There are a whole lot of people working grueling 40 hour a week jobs who don’t even make enough to pay income taxes now. Mitt Romney thinks that is a problem. He thinks they might stop feeling like victims entitled to food and shelter, if only they paid income taxes too, just like richer Americans like him - well maybe not like him personally – but like some richer Americans at least.
The good news is that this can be arranged. Republicans could accomplish Romney’s goal simply by supporting raising the minimum wage to a living wage. Democrats would certainly back that type of Republican leadership, and many of the grubbers would finally have the means to start caring about themselves again. As it is now patriotic businesses that want to do right by hard working Americans are being punished by businesses who want to mooch off the strenuous efforts and high productivity of American workers. There must be plenty of businessmen who Mitt Romney knows personally who would love to pay their workers more, if they didn’t fear being undercut by competitors paying poverty wages stealing their clients away due to lower costs.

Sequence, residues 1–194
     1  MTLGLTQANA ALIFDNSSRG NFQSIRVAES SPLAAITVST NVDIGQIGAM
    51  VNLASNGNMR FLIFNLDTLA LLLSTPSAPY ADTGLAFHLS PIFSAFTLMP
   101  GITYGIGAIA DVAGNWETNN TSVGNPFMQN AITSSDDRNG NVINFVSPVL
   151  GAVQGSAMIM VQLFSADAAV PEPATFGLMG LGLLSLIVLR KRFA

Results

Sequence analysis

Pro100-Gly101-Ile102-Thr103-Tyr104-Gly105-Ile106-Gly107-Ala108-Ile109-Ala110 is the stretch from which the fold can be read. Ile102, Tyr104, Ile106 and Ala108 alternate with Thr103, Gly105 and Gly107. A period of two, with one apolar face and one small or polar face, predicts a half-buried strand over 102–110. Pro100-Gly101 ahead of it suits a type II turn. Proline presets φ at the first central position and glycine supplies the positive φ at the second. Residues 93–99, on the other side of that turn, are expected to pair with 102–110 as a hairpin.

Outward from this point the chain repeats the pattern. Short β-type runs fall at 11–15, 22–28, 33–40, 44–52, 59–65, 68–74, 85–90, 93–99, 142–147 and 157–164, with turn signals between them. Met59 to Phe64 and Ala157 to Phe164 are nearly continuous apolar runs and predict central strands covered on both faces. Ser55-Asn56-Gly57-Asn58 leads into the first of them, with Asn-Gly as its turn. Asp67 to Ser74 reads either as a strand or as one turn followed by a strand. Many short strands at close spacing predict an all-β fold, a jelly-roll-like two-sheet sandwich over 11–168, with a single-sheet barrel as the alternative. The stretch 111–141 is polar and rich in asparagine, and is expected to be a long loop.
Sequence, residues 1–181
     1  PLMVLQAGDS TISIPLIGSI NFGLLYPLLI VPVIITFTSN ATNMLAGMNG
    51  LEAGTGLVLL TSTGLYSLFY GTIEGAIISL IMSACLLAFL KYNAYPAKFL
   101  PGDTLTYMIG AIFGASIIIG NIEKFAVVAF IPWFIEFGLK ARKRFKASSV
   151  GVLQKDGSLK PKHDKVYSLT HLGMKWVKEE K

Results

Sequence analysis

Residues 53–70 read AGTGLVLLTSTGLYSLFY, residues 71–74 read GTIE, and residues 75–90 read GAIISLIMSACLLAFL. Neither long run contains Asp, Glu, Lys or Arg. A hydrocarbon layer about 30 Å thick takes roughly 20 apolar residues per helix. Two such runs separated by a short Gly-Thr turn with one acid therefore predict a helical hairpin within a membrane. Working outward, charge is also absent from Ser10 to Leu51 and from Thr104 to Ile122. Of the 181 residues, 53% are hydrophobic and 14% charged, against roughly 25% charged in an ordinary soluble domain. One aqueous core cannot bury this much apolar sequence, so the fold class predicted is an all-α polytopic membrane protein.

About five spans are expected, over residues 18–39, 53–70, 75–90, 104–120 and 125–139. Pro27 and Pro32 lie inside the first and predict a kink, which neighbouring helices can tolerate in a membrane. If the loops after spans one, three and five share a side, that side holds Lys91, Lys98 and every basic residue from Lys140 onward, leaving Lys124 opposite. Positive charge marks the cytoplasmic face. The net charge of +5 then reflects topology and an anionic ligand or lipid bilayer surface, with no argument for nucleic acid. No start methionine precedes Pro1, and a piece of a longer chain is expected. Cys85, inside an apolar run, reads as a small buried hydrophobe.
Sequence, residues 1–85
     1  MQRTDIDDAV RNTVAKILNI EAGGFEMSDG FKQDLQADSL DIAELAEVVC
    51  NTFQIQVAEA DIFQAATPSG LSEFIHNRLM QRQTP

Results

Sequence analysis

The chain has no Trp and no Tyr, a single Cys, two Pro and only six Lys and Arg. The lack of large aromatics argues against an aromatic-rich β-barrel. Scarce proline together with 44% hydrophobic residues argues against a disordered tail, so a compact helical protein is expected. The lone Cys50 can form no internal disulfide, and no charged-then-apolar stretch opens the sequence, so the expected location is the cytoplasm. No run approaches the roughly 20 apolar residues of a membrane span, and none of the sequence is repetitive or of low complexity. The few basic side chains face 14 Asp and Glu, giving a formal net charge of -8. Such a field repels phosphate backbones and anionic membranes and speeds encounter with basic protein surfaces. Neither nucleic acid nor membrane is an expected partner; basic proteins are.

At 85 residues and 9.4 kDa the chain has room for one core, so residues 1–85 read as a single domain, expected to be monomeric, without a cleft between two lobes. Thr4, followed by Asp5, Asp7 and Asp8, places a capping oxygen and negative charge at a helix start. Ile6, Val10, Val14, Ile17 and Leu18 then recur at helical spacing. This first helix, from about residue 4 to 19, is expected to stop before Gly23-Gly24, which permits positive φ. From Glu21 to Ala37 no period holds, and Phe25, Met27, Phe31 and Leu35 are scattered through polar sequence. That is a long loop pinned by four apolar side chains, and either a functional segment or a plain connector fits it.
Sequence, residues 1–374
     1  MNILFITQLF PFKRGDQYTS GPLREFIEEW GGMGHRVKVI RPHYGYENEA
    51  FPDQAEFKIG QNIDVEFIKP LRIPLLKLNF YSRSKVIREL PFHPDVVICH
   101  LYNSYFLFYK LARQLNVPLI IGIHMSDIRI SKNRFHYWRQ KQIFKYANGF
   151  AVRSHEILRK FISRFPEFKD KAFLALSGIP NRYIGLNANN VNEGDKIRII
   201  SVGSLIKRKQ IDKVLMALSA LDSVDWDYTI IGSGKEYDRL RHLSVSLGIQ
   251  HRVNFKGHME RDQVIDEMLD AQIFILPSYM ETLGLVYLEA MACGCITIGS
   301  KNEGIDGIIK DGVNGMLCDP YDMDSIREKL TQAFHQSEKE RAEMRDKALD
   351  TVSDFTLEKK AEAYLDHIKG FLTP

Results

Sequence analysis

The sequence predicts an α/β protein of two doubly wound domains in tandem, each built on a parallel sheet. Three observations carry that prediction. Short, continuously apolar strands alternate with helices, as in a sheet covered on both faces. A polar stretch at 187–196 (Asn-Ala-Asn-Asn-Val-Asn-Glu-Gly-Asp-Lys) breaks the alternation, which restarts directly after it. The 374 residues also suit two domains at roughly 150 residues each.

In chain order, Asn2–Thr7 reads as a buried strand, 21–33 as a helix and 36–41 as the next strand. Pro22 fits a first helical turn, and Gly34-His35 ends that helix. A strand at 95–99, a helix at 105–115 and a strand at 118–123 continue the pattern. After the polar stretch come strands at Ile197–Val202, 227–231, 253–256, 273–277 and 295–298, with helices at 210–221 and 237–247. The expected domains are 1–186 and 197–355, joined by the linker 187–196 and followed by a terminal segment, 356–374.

It’s an elegant solution. Since most of the good paying jobs in America have been lost overseas due to the pioneering efforts of Bain Capital and their cohorts, we can encourage more deadbeat American moochers to become real income tax paying Americans worthy of Mitt Romney’s respect simply by paying them more at the lousy jobs that remain. Surely Mitt Romney will support raising the minimum wage. It must be part of his secret plan.
Posted by Tom Rinaldo | Wed Sep 19, 2012, 04:24 PM (3 replies)